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Department of Energy Fines Contractor $192,500 for Nuclear Safety Violations

The Department of Energy recently notified Washington TRU Solutions LLC the contractor in charge of an underground radioactive waste storage site in Carlsbad, N.M. that the agency will fine the company $192,500 for violations of the department's nuclear safety requirements.

The preliminary notice of violation issued in late December cites a number of deficiencies that led to a series of low-level plutonium exposures in 2004 by workers at a Washington TRU Solutions mobile facility (MOVER) stationed at the Lawrence Livermore National Laboratory in Livermore, Calif.

According to the Department of Energy, the violations reflected Washington TRU Solutions' limited understanding of the design and operational limitations of the MOVER facility, a portable waste processing facility designed to be transported to and operated at various agency sites.

"Although no regulatory exposure limits were exceeded, the consequences had the potential to be more significant," said John Shaw, assistant secretary for environment, safety and health. "It's important that these problems be corrected before a more serious event occurs."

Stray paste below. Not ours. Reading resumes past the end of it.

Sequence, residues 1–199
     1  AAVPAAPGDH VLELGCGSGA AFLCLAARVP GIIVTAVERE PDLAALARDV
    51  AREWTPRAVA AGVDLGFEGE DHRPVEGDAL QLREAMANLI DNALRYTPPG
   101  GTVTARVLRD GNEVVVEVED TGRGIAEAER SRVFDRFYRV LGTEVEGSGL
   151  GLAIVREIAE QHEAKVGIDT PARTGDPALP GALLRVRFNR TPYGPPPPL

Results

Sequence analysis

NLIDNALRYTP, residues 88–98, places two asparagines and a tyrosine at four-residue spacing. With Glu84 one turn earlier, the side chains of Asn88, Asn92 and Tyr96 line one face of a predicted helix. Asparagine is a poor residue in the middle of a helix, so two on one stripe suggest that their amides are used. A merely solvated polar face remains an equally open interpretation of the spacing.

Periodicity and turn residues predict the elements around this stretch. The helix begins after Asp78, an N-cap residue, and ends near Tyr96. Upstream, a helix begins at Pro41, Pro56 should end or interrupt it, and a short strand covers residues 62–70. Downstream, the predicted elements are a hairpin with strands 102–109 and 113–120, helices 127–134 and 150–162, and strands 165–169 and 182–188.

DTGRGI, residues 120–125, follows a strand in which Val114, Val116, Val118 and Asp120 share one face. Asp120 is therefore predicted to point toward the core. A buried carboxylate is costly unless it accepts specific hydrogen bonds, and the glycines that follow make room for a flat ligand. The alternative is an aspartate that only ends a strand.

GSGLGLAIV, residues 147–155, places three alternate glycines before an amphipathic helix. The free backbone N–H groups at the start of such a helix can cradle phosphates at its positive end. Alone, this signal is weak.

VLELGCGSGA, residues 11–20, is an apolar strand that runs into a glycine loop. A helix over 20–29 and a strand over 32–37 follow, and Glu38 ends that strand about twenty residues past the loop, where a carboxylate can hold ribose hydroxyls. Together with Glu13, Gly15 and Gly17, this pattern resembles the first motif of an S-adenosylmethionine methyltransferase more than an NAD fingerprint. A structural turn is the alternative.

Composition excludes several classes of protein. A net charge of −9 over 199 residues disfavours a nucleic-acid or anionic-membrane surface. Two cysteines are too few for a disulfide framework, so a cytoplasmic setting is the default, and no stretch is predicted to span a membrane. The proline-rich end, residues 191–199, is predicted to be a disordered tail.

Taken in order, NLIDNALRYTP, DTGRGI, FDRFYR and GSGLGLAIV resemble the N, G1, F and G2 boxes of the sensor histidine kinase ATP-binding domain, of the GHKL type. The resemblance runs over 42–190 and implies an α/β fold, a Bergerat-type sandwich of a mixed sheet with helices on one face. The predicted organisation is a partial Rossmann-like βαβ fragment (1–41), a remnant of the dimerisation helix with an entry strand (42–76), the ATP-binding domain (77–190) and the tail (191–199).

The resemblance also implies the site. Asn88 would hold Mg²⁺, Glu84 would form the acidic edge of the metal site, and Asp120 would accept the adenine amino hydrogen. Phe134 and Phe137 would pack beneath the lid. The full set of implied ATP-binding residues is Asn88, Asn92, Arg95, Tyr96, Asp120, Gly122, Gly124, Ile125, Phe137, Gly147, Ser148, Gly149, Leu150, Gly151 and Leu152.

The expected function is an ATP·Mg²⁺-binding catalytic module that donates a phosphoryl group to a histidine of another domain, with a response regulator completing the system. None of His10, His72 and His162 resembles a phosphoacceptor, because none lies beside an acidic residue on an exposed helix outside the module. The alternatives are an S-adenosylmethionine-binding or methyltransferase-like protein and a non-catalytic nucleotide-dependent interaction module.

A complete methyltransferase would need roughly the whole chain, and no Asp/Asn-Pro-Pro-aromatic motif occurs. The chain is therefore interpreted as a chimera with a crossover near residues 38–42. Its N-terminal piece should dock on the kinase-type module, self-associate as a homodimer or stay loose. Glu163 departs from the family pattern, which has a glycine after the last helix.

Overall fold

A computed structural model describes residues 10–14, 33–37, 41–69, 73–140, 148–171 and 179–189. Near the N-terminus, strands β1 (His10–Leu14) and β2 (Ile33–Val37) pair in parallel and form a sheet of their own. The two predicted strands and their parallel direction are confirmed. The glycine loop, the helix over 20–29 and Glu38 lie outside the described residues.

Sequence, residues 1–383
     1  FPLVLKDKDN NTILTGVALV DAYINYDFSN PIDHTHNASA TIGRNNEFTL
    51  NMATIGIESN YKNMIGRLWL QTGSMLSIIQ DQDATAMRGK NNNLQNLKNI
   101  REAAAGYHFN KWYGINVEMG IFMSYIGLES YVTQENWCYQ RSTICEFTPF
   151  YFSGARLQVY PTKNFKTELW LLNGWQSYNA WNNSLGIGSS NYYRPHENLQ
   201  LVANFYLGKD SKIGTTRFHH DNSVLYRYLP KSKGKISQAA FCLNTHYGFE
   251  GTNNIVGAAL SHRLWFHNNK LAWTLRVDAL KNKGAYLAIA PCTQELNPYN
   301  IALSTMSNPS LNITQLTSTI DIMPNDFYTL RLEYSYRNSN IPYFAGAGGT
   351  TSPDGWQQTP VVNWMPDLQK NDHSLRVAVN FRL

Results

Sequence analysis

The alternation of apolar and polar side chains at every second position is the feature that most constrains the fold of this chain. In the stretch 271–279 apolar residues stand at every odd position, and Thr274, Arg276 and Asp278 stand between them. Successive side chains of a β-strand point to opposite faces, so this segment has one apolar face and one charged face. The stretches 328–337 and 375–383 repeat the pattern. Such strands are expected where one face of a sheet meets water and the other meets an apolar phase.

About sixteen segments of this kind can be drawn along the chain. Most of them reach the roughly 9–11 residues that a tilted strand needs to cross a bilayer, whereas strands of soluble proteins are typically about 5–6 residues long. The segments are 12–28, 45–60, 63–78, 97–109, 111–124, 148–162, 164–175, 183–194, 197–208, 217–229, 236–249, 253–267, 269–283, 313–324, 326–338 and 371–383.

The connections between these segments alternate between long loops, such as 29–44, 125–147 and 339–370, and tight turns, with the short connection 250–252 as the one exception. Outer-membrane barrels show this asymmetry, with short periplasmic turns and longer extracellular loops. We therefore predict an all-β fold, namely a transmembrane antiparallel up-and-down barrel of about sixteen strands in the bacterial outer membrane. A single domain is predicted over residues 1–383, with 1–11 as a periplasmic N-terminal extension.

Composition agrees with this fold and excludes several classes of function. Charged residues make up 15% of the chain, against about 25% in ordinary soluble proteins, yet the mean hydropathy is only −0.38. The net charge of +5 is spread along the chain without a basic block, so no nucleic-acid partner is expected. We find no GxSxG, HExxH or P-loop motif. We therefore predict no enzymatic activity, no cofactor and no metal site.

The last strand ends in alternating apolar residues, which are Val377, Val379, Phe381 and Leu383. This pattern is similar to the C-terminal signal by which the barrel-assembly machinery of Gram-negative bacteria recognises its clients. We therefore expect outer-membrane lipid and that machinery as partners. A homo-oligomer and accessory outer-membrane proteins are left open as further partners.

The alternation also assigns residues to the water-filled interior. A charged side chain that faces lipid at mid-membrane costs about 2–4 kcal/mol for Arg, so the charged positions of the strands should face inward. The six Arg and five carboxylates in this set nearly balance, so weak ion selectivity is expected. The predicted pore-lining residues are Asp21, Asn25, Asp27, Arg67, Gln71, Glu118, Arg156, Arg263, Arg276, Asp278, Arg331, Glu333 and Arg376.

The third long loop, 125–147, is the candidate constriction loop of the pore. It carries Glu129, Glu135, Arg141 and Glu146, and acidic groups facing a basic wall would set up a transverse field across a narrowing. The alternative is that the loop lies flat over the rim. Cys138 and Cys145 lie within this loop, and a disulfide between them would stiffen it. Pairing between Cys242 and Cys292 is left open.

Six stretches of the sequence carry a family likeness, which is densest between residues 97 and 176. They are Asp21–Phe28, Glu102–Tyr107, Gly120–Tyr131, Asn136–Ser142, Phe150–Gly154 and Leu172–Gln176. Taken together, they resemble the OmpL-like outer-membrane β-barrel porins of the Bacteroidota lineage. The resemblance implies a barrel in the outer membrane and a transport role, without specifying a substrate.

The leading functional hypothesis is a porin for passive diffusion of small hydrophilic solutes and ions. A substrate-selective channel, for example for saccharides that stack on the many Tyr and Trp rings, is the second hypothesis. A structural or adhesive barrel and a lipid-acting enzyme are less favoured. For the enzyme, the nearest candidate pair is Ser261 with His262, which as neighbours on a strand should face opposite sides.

Company Has Taken 'Aggressive Corrective Actions'

Susan Scott, a spokesperson for Washington TRU Solutions, said the company has taken "aggressive corrective actions" since the plutonium exposures in 2004.

"The uptakes were a tenth of the federal occupational limit," Scott said. "Nonetheless, any unplanned uptake is something that is very serious and has to be looked into and corrected."

Scott explained that the company, since the uptakes, has inspected all of the sites at which it is active to look for "operational weaknesses" and any other similar deficiencies that need to be corrected.

"Any corrective actions that have needed to be done, we've done," Scott said.

The company likely will not contest the Department of Energy citations, Scott said.

Washington TRU Solutions is the contractor that manages and operates the Department of Energy's Waste Isolation Pilot Plant in Carlsbad, N.M. The waste isolation plant, according to the agency, is world's first underground repository licensed to safely and permanently dispose of transuranic radioactive waste left over from the research and production of nuclear weapons.

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